11.09.16
VII | VII Observations

Older Sisters Rule


A young girl dreams of becoming a summer festival queen like her older sister, Conesville, Iowa.
(2003)

In Driftless, Danny Wilcox Frazier's dramatic black-and-white photographs portray a changing Midwest of vanishing towns and transformed landscapes. As rural economies fail, people and resources are migrating to the coasts and cities, as though the heart of America were being emptied. Frazier's arresting photographs take us into Iowa's abandoned places and illuminate the lives of those people who stay behind and continue to live there: young people at leisure, fishermen on the Mississippi, veterans on Memorial Day, Amish women playing cards, as well as more recent arrivals, Lubavitcher Hasidic Jews at prayer and Latinos at work in the fields. Frazier is the third recipient of the biennial Center for Documentary Studies/Honickman First Book Prize in Photography. Robert Frank, one of America’s preeminent photographers, judged the prize, selecting Frazier’s work from over 400 entries. Robert Frank also wrote the foreword to Frazier’s prize-winning book. © Danny Wilcox Frazier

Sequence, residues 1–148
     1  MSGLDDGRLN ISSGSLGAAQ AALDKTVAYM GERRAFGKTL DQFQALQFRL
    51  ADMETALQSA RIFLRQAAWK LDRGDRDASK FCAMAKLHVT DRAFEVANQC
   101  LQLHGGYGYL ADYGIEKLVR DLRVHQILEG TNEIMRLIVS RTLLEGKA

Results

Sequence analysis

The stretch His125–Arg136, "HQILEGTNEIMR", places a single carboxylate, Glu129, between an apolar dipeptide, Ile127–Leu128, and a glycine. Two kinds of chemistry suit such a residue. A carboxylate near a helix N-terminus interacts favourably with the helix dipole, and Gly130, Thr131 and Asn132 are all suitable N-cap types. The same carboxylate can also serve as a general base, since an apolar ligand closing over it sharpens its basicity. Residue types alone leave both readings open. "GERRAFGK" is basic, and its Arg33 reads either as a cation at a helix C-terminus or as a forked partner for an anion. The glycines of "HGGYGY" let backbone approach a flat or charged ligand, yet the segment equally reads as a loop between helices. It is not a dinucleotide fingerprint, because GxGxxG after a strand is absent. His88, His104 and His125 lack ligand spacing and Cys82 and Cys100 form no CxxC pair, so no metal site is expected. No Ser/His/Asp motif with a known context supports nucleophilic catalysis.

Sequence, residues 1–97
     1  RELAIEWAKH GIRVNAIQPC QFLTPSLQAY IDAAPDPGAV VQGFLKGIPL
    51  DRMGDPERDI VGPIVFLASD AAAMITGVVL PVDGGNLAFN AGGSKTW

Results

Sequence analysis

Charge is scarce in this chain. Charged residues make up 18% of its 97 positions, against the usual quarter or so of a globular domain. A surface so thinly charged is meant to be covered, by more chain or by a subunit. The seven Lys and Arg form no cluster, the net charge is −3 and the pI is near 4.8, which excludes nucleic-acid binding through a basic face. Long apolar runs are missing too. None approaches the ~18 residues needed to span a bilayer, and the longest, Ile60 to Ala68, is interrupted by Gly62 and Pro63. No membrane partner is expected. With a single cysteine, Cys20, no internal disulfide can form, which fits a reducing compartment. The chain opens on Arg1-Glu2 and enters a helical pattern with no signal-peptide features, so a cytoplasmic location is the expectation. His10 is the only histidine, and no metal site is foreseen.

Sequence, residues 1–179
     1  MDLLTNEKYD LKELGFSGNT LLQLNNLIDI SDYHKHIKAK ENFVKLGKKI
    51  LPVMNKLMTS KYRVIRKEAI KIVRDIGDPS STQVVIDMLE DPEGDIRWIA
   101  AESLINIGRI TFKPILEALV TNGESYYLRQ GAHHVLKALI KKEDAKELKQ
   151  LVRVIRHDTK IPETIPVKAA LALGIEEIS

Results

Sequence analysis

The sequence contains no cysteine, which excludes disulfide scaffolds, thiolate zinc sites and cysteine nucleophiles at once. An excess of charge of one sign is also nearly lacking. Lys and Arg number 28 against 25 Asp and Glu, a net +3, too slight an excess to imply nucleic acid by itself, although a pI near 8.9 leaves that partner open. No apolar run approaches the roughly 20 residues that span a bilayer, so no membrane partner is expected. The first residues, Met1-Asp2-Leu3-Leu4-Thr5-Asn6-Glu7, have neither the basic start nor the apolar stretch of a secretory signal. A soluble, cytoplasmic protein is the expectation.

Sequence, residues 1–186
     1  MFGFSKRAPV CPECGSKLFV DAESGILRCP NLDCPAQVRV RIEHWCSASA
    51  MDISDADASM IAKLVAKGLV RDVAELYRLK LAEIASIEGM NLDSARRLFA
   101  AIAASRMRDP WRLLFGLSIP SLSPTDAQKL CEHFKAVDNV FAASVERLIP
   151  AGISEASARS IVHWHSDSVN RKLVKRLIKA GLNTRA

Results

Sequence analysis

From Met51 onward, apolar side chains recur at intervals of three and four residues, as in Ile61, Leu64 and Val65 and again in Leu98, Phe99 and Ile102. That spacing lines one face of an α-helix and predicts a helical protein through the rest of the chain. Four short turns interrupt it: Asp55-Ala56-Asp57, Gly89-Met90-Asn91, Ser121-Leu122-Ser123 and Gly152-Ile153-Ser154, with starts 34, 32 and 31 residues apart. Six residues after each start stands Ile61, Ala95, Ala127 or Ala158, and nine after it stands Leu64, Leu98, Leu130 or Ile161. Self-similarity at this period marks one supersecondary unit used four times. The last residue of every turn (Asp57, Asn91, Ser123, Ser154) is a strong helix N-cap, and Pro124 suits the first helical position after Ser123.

Robert Frank is a Swiss-born photographer and documentary filmmaker who was born November 9, 1924. He started studying photography in 1941 and for six years worked in Zurich, Basel, and Geneva for graphic design and commercial photography studios. Frank was compared to a present-day de Tocqueville after the release of his provocative 1958 book titled The Americans for his modern and nuanced take on American society. Critic Sean O'Hagan of The Guardian wrote in 2014 that The Americans "changed the nature of photography, what it could say and how it could say it." The Americans is one of the most influential photography books of the 20th century and Frank himself is arguably the most influential photographer alive.

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